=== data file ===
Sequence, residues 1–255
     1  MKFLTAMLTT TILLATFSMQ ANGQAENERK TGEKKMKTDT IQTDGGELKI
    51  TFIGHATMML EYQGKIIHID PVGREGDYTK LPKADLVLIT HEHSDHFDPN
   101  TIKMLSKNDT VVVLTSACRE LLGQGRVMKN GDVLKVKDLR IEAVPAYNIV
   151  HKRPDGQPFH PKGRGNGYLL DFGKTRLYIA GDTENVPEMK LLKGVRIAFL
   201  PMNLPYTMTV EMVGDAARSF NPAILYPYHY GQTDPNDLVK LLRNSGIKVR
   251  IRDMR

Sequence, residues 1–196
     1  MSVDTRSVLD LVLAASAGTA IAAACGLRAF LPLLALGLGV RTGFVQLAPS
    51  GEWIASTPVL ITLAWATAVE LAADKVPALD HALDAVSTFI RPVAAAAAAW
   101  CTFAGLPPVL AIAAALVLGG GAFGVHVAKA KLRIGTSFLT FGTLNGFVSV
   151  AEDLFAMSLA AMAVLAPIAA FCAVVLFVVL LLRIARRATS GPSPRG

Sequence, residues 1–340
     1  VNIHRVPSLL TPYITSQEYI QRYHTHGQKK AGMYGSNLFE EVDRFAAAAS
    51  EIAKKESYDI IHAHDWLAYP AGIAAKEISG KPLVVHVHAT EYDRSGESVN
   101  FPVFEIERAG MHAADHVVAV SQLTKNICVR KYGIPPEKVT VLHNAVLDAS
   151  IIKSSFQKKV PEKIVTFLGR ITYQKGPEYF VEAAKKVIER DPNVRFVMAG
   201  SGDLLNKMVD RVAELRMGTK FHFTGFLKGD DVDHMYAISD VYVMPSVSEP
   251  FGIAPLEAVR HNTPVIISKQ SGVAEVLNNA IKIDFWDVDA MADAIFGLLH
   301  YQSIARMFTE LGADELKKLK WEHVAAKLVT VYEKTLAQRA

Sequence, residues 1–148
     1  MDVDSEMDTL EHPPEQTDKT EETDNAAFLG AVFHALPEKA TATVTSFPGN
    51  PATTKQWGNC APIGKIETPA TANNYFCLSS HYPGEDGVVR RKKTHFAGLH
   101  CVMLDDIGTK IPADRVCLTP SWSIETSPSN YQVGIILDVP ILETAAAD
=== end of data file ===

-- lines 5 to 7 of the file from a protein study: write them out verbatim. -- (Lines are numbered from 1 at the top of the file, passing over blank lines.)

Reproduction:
   151  HKRPDGQPFH PKGRGNGYLL DFGKTRLYIA GDTENVPEMK LLKGVRIAFL
   201  PMNLPYTMTV EMVGDAARSF NPAILYPYHY GQTDPNDLVK LLRNSGIKVR
   251  IRDMR